Apparently, no one told the Detroit Tigers' offense the second half of the season was underway. Ervin Santana dominated the Tigers, pitching into the eighth while allowing just three base runners, leading the Kansas City Royals to a 1-0 victory. It was the seventh time the Tigers were shut out in 2013. It's also the sixth time this season the Tigers lost the next game after reaching a season high ten games over .500.
Santana (6-6) shut out the Tigers on two hits, walking one and striking out six in 7 1/3 innings of excellent work. Kelvin Herrera and Greg Holland pitched a scoreless eighth and ninth respectively, Holland picking up save number 23.
Starter and loser Anibal Sanchez (7-7) battled with his control, walking a season high five and allowing four hits. But he still held the Royals to just one run in six innings. It wasn't enough, the Tigers' bats unable to do anything against three Royals pitchers.
The offense in the game consisted of seven singles, two by the Tigers and five from the Royals. The only run scored on a first inning Billy Butler RBI single.
If I had told you going into the game Anibal Sanchez would allow just one run and the bullpen would shut out the Royals the rest of the way, you would assume the Tigers won in easy fashion. Normally, that would be true, unless the team with the highest overall batting average and second most runs scored in baseball was shutout. Of course, the Tigers were, for a SEVENTH time in just 95 games.
A single, stolen base and Omar Infante being on the DL set up a first innining RBI opportunity for Country Breakfast. Alex Gordon led with single off the the glove of Ramon Santiago. Gordon stole second and scored on Billy Butler's single to center, the Royals taking a 1-0 lead, which they would never increase or relinquish.
Remember when Moustakas was going to be the Royals' savior? Much like we were sold the rest of their farm system was going to carry the Royals to the top of the standings. Royals fans were sold a bill of goods.
The Tigers could do little with Santana, the first six batters going down in order. While the Royals were busy threatening against Sanchez in the second.
Lorenzo Cain led off with a single. He had second base stolen, having gotten a huge jump, but the Royals did the Tigers a favor by having David Lough drop a bunt. Sanchez made a nice play to get off the mound and flip the ball with his glove to Fielder for the first out. Alcides Escobar moved Cain over with a ground ball. Sanchez then made a mistake which nearly cost him, walking .214 hitting number nine hitter Chris Getz, who proceeded to steal second without a throw. Runners in scoring position for Gordon, Sanchez danced with the Devil, yet got off scot-free. Gordon hit the ball hard on the ground, but right at Fielder for the third out.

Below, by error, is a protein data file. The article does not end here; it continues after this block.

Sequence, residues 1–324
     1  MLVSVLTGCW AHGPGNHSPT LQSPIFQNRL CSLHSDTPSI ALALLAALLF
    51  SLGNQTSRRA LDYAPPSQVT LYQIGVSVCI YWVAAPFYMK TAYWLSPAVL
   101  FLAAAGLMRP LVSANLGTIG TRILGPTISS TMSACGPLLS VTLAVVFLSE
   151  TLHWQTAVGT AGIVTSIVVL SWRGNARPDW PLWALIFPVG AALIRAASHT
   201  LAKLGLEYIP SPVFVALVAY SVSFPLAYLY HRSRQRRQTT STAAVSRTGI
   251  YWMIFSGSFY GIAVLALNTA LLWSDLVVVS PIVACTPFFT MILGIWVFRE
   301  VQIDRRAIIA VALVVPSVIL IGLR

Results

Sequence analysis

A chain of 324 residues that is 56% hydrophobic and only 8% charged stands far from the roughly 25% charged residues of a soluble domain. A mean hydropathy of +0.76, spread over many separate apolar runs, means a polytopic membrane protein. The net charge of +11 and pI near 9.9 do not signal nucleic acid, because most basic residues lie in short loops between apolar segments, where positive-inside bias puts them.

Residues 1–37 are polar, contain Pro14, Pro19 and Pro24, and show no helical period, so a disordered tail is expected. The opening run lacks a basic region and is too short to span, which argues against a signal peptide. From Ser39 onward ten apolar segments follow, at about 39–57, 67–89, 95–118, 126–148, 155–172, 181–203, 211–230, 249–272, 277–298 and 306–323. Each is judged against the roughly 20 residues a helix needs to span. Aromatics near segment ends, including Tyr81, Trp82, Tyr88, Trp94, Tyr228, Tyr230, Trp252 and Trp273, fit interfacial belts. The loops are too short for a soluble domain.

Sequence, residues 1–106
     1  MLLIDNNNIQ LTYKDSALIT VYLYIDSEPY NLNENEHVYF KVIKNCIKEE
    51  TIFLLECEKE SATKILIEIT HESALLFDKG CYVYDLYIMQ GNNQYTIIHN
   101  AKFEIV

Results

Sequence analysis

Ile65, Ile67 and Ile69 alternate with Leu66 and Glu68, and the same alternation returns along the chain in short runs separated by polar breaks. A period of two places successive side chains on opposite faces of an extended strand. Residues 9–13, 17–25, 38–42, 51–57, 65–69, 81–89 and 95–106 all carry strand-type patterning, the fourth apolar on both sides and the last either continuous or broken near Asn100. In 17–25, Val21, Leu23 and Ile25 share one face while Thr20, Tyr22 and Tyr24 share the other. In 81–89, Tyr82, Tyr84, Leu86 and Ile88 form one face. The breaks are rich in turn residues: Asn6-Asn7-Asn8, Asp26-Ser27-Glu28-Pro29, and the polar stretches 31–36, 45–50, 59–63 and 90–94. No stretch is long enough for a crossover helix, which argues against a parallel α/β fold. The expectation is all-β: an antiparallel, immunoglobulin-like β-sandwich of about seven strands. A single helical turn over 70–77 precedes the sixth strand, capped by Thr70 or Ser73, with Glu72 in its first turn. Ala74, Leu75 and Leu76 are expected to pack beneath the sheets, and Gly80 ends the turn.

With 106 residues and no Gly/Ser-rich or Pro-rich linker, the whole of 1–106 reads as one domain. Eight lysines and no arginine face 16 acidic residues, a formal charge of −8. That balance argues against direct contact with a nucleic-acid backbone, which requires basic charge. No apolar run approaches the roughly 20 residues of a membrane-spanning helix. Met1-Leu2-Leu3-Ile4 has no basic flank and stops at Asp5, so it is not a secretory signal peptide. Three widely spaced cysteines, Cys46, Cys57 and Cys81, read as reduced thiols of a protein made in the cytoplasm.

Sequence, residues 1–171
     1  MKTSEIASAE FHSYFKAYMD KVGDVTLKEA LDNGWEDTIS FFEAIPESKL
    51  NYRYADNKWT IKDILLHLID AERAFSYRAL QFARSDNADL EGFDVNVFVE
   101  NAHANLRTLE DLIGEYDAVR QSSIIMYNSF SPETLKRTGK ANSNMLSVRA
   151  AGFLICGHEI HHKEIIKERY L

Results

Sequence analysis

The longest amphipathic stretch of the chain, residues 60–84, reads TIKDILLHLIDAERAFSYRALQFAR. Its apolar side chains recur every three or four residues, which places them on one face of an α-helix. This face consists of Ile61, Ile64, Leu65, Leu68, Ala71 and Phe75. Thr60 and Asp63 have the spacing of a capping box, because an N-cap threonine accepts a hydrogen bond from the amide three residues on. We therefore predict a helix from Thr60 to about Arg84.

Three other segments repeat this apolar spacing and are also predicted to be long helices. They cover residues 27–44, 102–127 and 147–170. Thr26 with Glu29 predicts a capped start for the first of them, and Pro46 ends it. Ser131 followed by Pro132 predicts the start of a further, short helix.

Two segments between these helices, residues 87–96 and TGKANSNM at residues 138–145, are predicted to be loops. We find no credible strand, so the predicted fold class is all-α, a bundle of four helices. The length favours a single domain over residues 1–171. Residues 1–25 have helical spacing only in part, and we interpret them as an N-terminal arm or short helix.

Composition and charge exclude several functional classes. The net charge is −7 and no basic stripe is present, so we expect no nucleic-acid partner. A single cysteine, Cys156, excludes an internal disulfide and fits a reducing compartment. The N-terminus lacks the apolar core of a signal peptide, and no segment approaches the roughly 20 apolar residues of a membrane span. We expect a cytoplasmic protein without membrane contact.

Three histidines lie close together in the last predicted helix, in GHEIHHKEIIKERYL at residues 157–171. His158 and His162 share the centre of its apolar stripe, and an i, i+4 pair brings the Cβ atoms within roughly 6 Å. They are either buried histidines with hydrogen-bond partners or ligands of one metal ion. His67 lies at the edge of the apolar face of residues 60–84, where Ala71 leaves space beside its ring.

Santana had retired ten straight, making the tigers look silly at times. Before the "No-hitter in progress" alerts could even start, Torii Hunter became the first Tiger to reach base, singling to right with one out in the fourth. But he would venture no further, Santana easily retiring Miguel Cabrera and Prince Fielder.
The Royals threatened again in the bottom of the fourth, again stranding a runner 90 feet away. Moustakas led off the inning with a base on ball, advanced to third on a pair of ground outs. Sanchez pitched out of trouble, striking out Escobar to end the inning. The Royals had six base runners to the Tigers' one, but only held a 1-0 lead after four full inning.
The Tigers tried to force the issue in the fifth, but ended up running themselves out of the inning.. Andy Dirks singled with two out, but was easily thrown out trying to steal by Perez and his cannon of an arm. Alex Avila may have missed the sign on a hit and run.
While the Tigers couldn't get a runner to second even if given the ball served up on a tee, a not sharp Sanchez pitched himself into more trouble in the sixth. Butler led off with a single, then Sanchez walked Moustakas (and his .598 OPS) for the second time. With two out and David Lough at the plate, Sanchez wild pitched the runners into scoring position. Battling with his command and losing, Sanchez loaded the bases by walking Lough.
Sanchez looked to ave gotten out of the inning when Escobar sent a foul pop toward the Royals' dugout. But Avila bailed out Escobar by just plain dropping the ball. The E-2 kept the inning alive. So Sanchez took matters into his own hands, striking out Escobar on a full count breaking ball.